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Use Plants to Help Purify Your Indoor Air

While Hepa air filters are still one of the most effective ways to purify your indoor air, there is also a cheaper (and prettier!) way to clean your air. Plants!

A study published by the National Aeronautics and Space Administration (NASA), with help from the Associated Landscape Contractors of America (ALCA) suggesting certain plants could be used to rid indoor spaces of harmful toxins (VOCs) commonly found in homes (formaldehyde, benzene, trichloroethylene and amonia, among others). In the study, researchers recommend one plant per 100 square feet for optimal resuts.

Here are a few to try:

 

Aloe Vera

aloe vera

Good for: cleaning formaldehyde and benzene (common in furniture and paints and many cleaning products) from the air

Bonus: Helps heal cuts

 

 

Spider plants

Spider plant

Good for: Cleaning benzene, formaldehyde, carbon monoxide and xylene (found in some leather products) from the air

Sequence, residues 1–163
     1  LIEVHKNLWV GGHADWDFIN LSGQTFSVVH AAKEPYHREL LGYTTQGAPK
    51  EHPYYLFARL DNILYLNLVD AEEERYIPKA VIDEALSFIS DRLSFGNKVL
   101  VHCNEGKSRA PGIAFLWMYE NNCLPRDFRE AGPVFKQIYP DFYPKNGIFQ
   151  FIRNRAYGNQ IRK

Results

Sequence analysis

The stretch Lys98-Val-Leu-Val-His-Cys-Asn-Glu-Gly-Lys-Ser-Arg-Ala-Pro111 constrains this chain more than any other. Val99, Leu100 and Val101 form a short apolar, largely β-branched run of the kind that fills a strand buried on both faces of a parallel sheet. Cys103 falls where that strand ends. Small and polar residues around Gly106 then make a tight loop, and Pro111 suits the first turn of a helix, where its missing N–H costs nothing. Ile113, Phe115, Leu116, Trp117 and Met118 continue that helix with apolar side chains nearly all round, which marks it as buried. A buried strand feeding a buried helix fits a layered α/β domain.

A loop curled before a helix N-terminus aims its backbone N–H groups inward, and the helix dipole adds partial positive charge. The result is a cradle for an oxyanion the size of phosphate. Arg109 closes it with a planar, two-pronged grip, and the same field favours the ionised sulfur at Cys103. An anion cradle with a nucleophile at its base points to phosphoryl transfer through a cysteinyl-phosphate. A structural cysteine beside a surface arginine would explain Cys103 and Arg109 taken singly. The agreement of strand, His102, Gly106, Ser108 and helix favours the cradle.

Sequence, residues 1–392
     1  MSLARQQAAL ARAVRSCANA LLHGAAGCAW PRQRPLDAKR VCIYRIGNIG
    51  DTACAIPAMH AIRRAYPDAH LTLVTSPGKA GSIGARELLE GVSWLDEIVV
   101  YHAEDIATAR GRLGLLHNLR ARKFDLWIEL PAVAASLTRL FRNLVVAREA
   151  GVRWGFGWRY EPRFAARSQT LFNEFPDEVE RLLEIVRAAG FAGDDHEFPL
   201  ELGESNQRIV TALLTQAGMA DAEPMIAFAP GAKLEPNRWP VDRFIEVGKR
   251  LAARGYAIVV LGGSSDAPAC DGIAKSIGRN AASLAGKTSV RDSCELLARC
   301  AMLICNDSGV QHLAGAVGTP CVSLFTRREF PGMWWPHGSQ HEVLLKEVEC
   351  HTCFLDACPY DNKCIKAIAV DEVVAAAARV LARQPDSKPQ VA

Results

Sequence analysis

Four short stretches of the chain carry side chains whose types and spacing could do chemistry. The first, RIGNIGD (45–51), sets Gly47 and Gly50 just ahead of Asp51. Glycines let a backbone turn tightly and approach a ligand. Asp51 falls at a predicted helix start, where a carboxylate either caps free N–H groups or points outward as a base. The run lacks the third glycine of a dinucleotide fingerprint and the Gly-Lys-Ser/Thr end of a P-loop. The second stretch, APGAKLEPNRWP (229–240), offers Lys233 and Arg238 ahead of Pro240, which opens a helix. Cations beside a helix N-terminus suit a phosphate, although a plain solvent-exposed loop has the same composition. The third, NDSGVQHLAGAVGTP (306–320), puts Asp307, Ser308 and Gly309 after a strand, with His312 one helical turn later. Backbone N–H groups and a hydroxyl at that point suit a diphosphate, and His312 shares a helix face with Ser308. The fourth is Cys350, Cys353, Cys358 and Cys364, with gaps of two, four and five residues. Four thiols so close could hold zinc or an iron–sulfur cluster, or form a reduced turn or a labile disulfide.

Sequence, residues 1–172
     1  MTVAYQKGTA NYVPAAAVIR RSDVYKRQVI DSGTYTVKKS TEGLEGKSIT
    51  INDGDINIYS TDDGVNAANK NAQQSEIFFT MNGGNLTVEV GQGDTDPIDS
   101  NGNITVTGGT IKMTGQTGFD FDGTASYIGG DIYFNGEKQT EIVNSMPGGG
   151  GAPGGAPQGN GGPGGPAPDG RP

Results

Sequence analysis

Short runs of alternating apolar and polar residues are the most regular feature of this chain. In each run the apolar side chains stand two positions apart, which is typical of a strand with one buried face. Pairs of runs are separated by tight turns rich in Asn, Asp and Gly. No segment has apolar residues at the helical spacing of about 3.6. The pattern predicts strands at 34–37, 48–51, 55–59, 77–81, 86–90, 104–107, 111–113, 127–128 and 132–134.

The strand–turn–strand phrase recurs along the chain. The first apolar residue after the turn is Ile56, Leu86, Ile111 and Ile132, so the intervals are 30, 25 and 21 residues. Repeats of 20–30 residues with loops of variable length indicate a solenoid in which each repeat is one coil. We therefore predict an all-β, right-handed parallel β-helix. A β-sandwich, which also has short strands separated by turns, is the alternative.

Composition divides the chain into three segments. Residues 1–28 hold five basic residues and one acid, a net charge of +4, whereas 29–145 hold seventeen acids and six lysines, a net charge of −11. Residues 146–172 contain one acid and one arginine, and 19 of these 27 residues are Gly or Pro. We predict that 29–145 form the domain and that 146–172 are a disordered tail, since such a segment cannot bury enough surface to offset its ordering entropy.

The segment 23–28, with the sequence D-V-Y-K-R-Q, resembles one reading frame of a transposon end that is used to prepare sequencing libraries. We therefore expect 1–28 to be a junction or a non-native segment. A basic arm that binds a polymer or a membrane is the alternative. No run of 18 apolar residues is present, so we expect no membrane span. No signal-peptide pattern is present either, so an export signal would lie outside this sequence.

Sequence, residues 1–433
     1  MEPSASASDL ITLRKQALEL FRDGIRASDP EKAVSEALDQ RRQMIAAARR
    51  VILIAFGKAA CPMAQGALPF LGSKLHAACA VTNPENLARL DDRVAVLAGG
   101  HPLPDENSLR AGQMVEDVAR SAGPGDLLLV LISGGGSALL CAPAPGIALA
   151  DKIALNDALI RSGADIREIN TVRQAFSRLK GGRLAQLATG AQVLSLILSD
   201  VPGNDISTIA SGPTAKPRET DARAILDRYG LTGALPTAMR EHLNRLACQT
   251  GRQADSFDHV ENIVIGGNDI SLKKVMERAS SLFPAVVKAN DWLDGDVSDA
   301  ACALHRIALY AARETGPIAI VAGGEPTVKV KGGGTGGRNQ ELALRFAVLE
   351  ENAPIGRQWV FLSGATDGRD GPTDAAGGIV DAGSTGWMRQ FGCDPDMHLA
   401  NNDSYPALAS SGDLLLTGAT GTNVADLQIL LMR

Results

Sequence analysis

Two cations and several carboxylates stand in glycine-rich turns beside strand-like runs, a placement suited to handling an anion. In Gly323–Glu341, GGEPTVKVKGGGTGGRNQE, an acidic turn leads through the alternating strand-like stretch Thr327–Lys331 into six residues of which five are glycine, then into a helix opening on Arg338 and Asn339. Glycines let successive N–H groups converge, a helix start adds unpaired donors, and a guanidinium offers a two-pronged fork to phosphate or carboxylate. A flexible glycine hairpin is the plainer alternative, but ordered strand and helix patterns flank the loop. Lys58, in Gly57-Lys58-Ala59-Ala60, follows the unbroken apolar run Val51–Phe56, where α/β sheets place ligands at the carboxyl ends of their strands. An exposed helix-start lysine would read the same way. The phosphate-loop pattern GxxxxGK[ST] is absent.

Bonus: This low maintenance plant is hard to kill!

 

Golden Pothos (Devil’s Ivy)

Devils Ivy

Good for: Cleaning formaldehyde from the air.

Bonus: This hearty plant stays green even with VERY little sunlight. 

 

Gerber Daisy

Gerber Daisy

Good for: Removing trichloroethylene (common in dry cleaning) from the air

Bonus: They’re pretty!

 

Chrysanthemum

Chrysanthemum

Good for: Cleaning benzene (common in glue, paint, plastics and detergent) from the air.

Bonus: Okay, maybe not a “bonus” but this plant needs alot of sunlight

 

Bamboo Palm

Bamboo palm

Good for: One of the best at filtering out both benzene and trichloroethylene.

Bonus: Thrives in shady indoor spaces (and sometimes flowers with small berries)

 

Red-edged dracaena

Red edged dracaena

Good for: Filtering xylene, trichloroethylene and formaldehyde from the air.

Bonus: The red edges!

 

Chinese Evergreen (Aglaonema Crispum ‘Deborah’)

Chinese evergreen

Good for:  Filtering out a variety of air pollutants and works more efficiently to do so, the longer you have it.

Bonus: You’ll have it for a long time because it’s easy to care for! (AND it produces blooms and red berries)

 

Source: Mother Nature Network (also lists more plants). For more on the NASA study and a breakdown of which chemicals are found in what, click here!

 

Or, if you still think you might need that HEPA filter, click here.

By Kathleen Siddell, October 2015

Photos: 123rf.com

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